“Smash it,” Lana said. It was not much more than a whisper, but it bought Johnny’s head up fast. Outside the truck the dead were gathering. Just three or four, but they could smell them, and it wouldn’t be long until more showed up. He focused on her face which was ashen and blood slicked, unsure if she had really even spoken. She turned her face to him, eyes heavy lidded, unfocused. “Smash it, Johnny… Rock… Rocks by the driveway… Saw them… Smash it.” Her head sank down to the dashboard and stayed there. A trickle of blood ran across the dusty plastic and rolled toward the edge of the dash before it slipped over the edge and continued down into darkness.

“Lana. You’re hurt bad, Lana.”

“Johnny… Johnny, shut up and get a rock… Get it, Johnny. Stop whining, get the rock.” Lana told him. Her words were muffled, whether from the effort or the position she was in he couldn’t tell. He picked up the rifle by the barrel and looked through the glass at the dead that were trying to figure out a way into the truck. He waited for the one near the driver’s door to slip backwards along the side of the SUV and then he threw the door open and jumped from the truck.

He landed bad, on the very same rocks Lana had been talking about, and nearly went all the way down before he caught himself and slammed his knee into the pavement to stop himself. He had been unable to close the door as his ankle twisted and he fell away. The one that had just slipped past the door was already turning to get inside. He couldn’t shoot, if he did he might hit Lana. He launched himself at the shambling wreck instead and dragged it backwards and to the ground. They were both snarling he realized a moment later when he shot it in the head.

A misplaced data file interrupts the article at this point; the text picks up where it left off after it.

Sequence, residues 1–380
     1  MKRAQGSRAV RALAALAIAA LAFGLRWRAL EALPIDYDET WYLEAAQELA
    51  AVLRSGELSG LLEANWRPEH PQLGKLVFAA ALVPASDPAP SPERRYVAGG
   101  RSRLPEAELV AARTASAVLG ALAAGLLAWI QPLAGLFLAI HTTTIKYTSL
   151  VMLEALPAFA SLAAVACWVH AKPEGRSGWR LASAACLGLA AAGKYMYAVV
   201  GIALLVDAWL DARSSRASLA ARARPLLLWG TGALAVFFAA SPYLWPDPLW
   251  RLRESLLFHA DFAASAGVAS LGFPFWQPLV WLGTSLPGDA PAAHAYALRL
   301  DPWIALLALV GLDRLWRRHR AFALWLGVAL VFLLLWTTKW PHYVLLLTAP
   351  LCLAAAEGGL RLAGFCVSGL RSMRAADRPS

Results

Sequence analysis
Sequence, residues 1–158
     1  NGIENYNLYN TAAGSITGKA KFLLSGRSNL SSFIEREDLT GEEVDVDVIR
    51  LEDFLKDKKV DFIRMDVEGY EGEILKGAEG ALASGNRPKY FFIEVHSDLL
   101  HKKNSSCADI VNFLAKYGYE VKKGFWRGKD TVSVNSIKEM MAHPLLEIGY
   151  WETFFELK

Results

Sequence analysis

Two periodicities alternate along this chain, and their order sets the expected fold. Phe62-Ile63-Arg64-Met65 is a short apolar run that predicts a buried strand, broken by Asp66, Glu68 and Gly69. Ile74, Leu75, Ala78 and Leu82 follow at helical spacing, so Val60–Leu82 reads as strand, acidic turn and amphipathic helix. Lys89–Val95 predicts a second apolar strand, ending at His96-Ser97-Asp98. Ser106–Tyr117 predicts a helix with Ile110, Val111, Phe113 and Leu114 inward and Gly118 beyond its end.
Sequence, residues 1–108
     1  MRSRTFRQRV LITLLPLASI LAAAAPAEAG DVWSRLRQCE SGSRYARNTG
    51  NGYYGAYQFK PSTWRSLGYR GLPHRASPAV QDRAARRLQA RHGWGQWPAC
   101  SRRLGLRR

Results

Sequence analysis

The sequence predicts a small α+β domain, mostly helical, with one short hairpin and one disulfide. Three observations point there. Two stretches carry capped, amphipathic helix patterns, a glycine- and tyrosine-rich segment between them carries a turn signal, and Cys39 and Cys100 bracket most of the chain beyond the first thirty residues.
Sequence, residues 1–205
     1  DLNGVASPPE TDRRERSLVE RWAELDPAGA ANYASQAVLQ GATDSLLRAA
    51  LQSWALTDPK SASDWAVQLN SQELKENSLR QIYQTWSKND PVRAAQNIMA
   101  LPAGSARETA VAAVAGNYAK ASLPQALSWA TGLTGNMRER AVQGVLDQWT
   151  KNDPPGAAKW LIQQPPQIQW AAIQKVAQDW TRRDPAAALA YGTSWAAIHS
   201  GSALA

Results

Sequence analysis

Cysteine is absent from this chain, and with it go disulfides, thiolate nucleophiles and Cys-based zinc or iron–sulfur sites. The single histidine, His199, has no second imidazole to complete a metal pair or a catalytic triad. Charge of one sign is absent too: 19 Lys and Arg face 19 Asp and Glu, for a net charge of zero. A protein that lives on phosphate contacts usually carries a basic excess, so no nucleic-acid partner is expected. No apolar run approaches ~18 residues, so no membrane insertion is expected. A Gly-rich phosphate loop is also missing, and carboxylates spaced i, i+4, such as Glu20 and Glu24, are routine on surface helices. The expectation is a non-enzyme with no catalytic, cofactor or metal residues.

A second one came around the back of the SUV. Johnny took two steps and shot it in the head. The third was on the opposite side of the truck and seemed frozen, unsure what to do. Johnny turned, picked up a large rock, and tried to step back into the truck. The ankle collapsed and he went sprawling, losing the rock, barely holding onto his rifle as he once again slammed his knee into the ground to stop himself from planting his face on the steel door sill of the car. The zombie on the other side made up her mind, stood to her full height, and sprang to the roof of the car. Johnny heard the metal buckle as she landed.

A second later he forced himself to his feet, adrenaline flooding his body, leaving that sour electric taste in his mouth as it did. The zombie stood to her full height once more, nothing but tightly stretched skin and protruding bones, but determined to have him. Johnny raised the rifle and shot her under the chin. She collapsed on the barrel and he turned as she spilled past him and burst open onto the driveway behind him. Johnny took two shambling steps of his own, ankle and knee screaming, pain so hard that it made him stop and double up. He vomited, losing control for a brief instant, the pain was so hot. A second after that the adrenaline kicked back in and he finished his shambling travel, managed to stoop and pick up another large rock and get back inside the SUV. He slammed the door on the hand of another zombie that had come out of the darkness. He heard the bones snap, and the fingers fell away into the SUV as the door thudded home. Johnny collapsed against the steering wheel. He couldn’t seem to catch his breath. He waited for his heart to slow down.